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Article

Amy Elizabeth Fulton, Julie Drolet, Nasreen Lalani and Erin Smith

This article explores the community recovery and resilience element of “building back better” (BBB) through the perspectives and experiences of community influencers who…

Abstract

Purpose

This article explores the community recovery and resilience element of “building back better” (BBB) through the perspectives and experiences of community influencers who provided psychosocial supports after the 2013 floods in southern Alberta, Canada.

Design/methodology/approach

The Alberta Resilient Communities (ARC) project adopted a community-based research methodology to examine the lived realities of children, youth, families and their communities postflood. In-depth semistructured interviews were conducted with 37 community influencer participants representing a range of organizations including not-for-profit agencies, community organizations, social service agencies and government departments.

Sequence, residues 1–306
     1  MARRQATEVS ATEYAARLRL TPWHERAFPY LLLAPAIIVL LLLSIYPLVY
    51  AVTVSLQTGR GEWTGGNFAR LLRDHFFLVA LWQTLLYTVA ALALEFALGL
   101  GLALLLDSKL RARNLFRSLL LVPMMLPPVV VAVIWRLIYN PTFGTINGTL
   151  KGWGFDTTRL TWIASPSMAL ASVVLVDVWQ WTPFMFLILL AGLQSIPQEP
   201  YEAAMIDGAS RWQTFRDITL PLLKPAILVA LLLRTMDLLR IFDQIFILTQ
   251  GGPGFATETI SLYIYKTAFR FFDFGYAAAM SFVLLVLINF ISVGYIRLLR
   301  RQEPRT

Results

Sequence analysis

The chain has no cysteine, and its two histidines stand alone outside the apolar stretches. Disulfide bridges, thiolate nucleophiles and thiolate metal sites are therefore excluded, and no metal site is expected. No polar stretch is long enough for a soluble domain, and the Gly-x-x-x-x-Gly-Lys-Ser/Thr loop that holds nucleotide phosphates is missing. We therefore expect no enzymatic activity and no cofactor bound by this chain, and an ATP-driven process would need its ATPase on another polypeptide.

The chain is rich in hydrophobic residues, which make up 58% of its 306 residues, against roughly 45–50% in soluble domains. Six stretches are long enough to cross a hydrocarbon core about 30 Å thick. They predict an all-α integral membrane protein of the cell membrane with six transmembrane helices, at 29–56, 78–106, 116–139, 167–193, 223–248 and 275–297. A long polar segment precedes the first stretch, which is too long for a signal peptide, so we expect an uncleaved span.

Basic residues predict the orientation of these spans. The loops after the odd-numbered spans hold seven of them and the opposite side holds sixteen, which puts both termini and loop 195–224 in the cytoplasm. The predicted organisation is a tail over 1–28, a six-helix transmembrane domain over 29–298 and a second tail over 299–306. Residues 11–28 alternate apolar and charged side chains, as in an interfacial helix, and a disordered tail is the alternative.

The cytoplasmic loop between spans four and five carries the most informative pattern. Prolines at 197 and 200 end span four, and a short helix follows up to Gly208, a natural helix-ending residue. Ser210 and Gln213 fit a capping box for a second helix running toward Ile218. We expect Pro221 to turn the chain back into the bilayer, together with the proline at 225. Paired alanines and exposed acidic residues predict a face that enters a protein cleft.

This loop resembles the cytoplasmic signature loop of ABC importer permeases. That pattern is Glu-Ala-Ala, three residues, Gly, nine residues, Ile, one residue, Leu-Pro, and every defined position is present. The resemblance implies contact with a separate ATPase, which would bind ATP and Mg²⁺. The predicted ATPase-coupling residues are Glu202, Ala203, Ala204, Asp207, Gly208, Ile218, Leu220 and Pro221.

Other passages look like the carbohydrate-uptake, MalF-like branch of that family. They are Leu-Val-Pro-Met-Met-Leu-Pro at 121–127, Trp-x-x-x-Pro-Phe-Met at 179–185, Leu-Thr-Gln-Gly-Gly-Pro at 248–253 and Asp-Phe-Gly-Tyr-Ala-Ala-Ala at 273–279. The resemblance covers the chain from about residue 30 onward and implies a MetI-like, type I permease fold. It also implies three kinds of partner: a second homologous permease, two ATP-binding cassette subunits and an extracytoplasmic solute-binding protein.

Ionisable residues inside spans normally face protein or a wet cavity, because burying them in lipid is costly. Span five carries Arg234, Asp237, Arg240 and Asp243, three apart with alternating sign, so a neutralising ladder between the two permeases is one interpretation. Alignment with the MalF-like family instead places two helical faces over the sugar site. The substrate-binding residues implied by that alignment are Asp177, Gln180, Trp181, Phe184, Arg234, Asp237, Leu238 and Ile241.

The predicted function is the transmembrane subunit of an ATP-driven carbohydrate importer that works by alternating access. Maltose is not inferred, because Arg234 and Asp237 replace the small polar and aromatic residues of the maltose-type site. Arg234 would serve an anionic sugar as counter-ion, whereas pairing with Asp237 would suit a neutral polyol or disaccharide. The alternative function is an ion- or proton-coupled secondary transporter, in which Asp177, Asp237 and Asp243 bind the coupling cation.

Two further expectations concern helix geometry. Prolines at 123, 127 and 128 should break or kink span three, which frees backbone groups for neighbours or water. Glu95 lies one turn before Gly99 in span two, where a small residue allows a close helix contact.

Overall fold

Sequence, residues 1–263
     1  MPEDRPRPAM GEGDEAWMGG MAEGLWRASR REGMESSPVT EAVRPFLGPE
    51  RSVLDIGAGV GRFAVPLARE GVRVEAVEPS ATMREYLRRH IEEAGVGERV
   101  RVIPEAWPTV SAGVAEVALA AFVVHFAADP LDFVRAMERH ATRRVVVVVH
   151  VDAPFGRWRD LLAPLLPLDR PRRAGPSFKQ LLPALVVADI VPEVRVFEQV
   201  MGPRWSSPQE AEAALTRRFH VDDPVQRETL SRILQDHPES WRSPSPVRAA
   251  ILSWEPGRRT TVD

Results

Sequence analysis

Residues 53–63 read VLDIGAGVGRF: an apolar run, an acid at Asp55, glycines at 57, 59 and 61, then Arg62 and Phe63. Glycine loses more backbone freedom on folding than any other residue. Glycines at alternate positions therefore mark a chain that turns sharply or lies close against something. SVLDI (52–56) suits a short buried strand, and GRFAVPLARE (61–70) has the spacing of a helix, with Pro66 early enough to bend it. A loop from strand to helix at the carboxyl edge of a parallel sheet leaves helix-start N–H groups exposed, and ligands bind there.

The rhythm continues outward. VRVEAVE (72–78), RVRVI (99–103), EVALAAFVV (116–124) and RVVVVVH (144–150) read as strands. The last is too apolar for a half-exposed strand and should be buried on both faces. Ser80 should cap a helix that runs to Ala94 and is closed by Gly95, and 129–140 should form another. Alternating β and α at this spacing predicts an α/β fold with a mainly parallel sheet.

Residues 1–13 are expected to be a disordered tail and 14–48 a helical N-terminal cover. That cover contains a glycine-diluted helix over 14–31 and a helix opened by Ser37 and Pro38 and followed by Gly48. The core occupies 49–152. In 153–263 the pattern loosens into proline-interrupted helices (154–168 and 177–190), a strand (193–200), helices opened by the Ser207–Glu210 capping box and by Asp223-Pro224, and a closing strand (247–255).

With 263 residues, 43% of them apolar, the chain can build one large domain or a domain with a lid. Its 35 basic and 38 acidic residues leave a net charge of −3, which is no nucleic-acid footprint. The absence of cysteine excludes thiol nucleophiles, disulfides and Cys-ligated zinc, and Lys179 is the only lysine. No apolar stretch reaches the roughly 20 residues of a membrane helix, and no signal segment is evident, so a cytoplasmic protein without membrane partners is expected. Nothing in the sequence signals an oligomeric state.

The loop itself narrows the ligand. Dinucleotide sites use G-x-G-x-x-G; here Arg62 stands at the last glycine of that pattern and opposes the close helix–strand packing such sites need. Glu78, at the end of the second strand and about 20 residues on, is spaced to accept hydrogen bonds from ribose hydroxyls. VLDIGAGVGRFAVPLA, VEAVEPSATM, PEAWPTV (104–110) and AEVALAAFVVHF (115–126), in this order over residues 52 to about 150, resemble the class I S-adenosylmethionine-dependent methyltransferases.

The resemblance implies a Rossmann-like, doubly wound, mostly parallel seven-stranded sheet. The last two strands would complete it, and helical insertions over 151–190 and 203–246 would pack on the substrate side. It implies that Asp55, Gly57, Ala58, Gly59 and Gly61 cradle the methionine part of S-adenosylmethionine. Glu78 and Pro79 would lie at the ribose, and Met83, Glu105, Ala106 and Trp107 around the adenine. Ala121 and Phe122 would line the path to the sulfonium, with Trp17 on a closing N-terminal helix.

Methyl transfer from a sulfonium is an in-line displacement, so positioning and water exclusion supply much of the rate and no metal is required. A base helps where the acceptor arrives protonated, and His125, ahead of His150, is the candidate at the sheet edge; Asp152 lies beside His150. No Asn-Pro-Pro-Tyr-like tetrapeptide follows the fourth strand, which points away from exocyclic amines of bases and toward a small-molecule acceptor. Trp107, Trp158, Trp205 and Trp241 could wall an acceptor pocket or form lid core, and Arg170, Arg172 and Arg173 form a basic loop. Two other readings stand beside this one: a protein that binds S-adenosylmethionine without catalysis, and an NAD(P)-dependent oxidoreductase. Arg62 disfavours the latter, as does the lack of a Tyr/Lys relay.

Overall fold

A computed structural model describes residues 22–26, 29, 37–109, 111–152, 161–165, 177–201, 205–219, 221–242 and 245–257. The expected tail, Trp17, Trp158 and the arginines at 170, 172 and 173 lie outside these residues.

Findings

The findings were drawn from the interviews held with community influencers in flood-affected communities. Major themes include disaster response challenges, insufficient funding for long-term disaster recovery, community partnerships and collaborations and building and strengthening social capital.

Practical implications

Findings demonstrate the need to build better psychosocial services, supports and resources in the long term to support community recovery and resilience postdisaster for children, youth and families to “build back better” on a psychosocial level.

Social implications

Local social service agencies play a key role in the capacity of children, youth and families to “build back better” postdisaster. These organizations need to be resourced and prepared to respond to psychosocial needs in the long term in order to successfully contribute to postdisaster recovery.